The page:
Effects of Running Speeds and Exhaustion on Iliotibial Band Strain during Running

Shane Fei Chen, Yan Wang, Fangbo Bing, Ming Zhang

Research output: Journal article publicationJournal articleAcademic researchpeer-review


Background: Iliotibial band syndrome (ITBS) is one of the most prevalent overuse injuries in runners. The strain rate in the iliotibial band (ITB) has been theorized to be the primary causative factor in the development of ITBS. Running speed and exhaustion might lead to an alteration in the biomechanics that influence the strain rate in the iliotibial band. Objectives: To identify how exhaustion states and running speeds affect the ITB strain and strain rate. Methods: A total of 26 healthy runners (including 16 males and 10 females) ran at a normal preferred speed and a fast speed. Then, participants performed a 30 min exhaustive treadmill run at a self-selected speed. Afterward, participants were required to run at similar speeds to those of the pre-exhaustion state. Results: Both the exhaustion and running speeds were revealed to have significant influences on the ITB strain rate. After exhaustion, an increase of approximately 3% in the ITB strain rate was observed for both the normal speed (p = 0.001) and the fast speed (p = 0.008). Additionally, a rapid increase in the running speed could lead to an increase in the ITB strain rate for both the pre- (9.71%, p = 0.000) and post-exhaustion (9.87%, p = 0.000) states. Conclusions: It should be noted that an exhaustion state could lead to an increase in the ITB strain rate. In addition, a rapid increase in running speed might cause a higher ITB strain rate, which is proposed to be the primary cause of ITBS. The risk of injury should also be considered due to the rapid increase in the training load involved. Running at a normal speed in a non-exhaustive state might be beneficial for the prevention and treatment of ITBS.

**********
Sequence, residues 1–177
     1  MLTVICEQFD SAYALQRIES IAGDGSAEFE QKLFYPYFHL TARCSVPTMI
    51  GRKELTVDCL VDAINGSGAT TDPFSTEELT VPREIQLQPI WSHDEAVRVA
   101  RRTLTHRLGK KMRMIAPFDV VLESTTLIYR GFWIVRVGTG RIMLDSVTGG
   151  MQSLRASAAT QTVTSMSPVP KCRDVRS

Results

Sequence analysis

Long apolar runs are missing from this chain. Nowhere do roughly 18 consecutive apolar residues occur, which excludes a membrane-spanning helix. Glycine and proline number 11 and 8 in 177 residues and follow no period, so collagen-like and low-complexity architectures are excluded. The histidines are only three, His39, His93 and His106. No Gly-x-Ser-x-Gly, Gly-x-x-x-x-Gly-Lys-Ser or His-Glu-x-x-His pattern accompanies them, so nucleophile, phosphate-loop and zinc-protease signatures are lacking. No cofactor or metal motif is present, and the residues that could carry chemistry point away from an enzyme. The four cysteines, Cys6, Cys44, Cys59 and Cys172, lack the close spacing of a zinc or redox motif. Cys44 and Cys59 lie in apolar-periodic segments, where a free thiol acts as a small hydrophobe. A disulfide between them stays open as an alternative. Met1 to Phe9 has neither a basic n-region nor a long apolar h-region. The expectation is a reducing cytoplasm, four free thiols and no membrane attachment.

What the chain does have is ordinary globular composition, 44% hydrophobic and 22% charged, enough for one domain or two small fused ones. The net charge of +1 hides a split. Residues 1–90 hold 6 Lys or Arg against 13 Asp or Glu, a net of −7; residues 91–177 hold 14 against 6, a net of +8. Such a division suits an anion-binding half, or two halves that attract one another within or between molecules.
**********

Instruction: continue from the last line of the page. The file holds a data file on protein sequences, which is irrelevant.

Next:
Original languageEnglish
Article number417
Issue number4
Publication statusPublished - Apr 2023


  • biomechanics
  • exhaustion
  • iliotibial band
  • running speed

ASJC Scopus subject areas

  • Bioengineering


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